Ranny Williams Tribute

Randolph Samuel Williams (Maas Ran) was born in Colon, Panama on October 26, 1912. He came to Jamaica at the age of six with his mother. He lived in Kingston for a while and the rest of his childhood was spent in Williamsfield, St. Catherine. He attended Tutorial College, Calabar High and Kingston Technical High.

Ranny Williams was a dramatist and a comedian. He first started his acting career as a child reciting poetry at church, Lodge halls and schoolrooms.He achieved professional status in 1930, when he was invited by the Rt. Excellent Marcus Mosiah Garvey to become a member of the vaudeville group at Edelweiss Park and to organize entertainment for the thousands of people who attended meetings there. Several productions at the Park have been listed as having been originated by Ranny Williams.

Maas Ran and Lee Gordon became a formidable duo known as "Amos and Andy", and together went on to appear in the second LTM Pantomime "Babes in the Wood". Ranny and Lee provided a great deal of comic relief in the topicalities or "knockabout" sections which facilitate scene changing in the pantomime. But Ranny Williams really came into his own when he began playing Brer Anancy which started when Louise Bennett and Noel Vaz created "Anancy and Busha Bluebeard". He performed in over 29 Pantomimes , wrote two (Jamaica Way and Quashie Lady) , adapted Robinson Crusoe and is listed as co-writer for Queenie’s Daughter and Bredda Buck. His partnership with Louise Bennett was legendary.

Maas Ran was the host of the “Ranny Williams Show” on television which premiered in 1963. His films include “A High Wind in Jamaica,” “Oh Dad, Poor Dad,” “White Souls”, “Jamaica No Problems”, “Tropical Isles”, “Zacc Experience” and “The Marijuana Affair.” Along with Lee Gordon, he had a series of shows on ZQI, Jamaica's first radio station which began operating at the beginning of World War II. He shared the spotlight in the radio revue “Morgie and Putus” with Alma Hylton (Mock Yen). At the same time he had another radio show called "Hello, You Out There", and he developed the "Lou and Ranny Show" for the opening of JBC Radio in 1959.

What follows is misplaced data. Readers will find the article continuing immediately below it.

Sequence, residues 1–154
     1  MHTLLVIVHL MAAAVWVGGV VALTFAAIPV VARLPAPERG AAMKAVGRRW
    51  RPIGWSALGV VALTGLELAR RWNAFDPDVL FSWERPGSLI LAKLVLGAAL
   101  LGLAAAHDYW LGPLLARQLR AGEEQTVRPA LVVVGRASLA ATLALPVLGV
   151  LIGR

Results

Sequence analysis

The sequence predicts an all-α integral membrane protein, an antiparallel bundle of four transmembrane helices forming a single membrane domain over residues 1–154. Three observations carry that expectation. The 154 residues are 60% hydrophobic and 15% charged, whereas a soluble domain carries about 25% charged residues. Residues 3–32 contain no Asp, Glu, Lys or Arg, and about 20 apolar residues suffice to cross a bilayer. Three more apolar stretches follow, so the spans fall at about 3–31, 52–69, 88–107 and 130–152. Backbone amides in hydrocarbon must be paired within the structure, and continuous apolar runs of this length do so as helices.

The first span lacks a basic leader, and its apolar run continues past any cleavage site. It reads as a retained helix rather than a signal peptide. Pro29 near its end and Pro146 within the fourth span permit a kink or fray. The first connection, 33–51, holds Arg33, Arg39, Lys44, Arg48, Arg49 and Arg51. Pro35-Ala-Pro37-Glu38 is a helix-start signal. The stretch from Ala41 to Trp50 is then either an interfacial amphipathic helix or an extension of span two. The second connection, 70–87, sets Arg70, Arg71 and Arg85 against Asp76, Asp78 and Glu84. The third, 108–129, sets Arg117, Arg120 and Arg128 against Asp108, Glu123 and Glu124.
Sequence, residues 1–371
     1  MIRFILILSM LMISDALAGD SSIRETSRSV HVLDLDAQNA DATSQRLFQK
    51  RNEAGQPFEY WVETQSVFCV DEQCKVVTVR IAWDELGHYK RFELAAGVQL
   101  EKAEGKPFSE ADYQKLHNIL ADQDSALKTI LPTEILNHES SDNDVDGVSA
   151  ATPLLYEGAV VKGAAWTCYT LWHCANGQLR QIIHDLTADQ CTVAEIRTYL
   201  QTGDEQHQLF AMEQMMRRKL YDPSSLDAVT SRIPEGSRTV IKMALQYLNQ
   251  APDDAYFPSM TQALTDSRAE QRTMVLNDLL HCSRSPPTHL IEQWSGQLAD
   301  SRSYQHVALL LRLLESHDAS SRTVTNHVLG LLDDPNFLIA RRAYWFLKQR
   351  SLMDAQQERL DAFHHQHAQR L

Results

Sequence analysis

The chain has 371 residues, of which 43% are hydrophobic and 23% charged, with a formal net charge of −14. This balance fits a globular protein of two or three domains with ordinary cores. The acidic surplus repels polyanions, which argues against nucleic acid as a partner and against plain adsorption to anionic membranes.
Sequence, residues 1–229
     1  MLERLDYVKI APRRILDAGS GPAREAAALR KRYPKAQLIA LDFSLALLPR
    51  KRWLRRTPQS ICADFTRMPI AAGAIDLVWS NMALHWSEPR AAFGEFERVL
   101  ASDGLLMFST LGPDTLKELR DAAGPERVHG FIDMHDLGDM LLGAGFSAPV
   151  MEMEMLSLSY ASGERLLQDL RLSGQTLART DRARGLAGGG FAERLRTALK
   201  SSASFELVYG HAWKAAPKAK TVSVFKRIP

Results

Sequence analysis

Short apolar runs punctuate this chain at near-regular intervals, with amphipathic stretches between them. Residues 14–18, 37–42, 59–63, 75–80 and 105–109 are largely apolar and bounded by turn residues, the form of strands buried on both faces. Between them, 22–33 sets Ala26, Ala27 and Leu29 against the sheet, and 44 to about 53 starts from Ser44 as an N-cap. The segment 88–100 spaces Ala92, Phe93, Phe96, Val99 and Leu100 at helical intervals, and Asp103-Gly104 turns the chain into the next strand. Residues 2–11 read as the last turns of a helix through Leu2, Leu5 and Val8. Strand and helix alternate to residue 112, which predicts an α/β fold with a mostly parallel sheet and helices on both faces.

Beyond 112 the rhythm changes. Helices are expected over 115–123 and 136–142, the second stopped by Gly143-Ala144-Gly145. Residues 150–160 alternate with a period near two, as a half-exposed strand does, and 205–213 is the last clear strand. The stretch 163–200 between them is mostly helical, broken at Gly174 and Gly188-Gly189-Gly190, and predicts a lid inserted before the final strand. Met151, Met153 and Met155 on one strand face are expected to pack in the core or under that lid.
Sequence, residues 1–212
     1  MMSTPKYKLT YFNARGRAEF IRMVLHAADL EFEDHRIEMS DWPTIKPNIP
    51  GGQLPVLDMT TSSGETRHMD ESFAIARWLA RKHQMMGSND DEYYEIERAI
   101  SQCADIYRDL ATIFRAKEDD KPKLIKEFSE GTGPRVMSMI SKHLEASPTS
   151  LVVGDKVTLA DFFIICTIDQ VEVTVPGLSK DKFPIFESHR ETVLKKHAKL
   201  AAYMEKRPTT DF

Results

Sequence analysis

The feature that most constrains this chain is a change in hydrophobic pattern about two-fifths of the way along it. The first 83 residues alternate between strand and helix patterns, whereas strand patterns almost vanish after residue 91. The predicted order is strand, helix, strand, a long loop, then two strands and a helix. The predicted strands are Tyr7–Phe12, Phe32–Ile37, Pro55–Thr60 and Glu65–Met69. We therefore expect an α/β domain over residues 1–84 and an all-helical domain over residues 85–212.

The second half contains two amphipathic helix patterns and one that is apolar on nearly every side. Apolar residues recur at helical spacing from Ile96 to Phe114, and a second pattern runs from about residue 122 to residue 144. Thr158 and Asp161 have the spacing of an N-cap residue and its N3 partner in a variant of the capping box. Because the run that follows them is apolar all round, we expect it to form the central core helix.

His outstanding achievement in the field of entertainment and drama earned for his several awards: The Jamaica Certificate and Badge of Honour in the Queen’s, New Year honours list (1968). The Institute of Jamaica Silver Musgrave Medal (1968), Commander of the Order of Distinction (C.D.) for outstanding Services in the field of Entertainment (1976) and the Centenary Medal (1979). The Ranny Williams Entertainment Centre stands as a monument to his work.

Although Maas Ran accomplished much in his lifetime, his greatest accomplishment was of the love for the people of Jamaica whom he served outside of entertainment. He was a social worker, JAMAL worker, founder of the Ranny Williams Youth Club and a regular on “The Nugget for the Needy Show”.

Maas Ran died on August 11, 1980, his last pantomime was The Hon. All Purpus and the Dancing Princess. He has left behind a rich legacy to the theatre world.

Ranny Williams TributeOn the 25th Anniversary of his passing the LTM held a Tribute to his memory. The life and work of Ranny Williams was recalled by Mr. Wycliffe Bennett in a presentation: “A man for all seasons.” Reminiscences also came from Roman Catholic priest Msgr. Kenneth Mock Yen, who, as a youngster, learnt his own lessons of Jamaican culture from Mass Ran; musicologist Marjorie Whylie who said that she first met Ranny when she was five and later performed with him in Pantomime; radio personality Alma Mock Yen who teamed with him in the ground-breaking radio serial “Morgie and Putus” and Dr. Keith Amiel who also trod the Ward Theatre stage with Ranny. Lois Kelly-Miller read a message from “Miss Lou.” A selection of songs was performed by members of the Pantomime Company. Video and audio clips of Ranny engaged in story-telling and interviews were also presented.
Ranny Williams TributeA souvenir poster commemorating the event was presented by Pantomime Company senior member Faith Bucknor to Mr. Norman Williams, Ranny’s son, who, along with other members of the Williams family, attended.

On the occasion of his 100th birthday, a commemorative poster exhibition and Tribute concert was held on the grounds of the Little Theatre. Friends and family once again raised a toast to the memory of Ranny Williams and his cotnribution to Jamaican theatre.

Click to download the exhbition posters.

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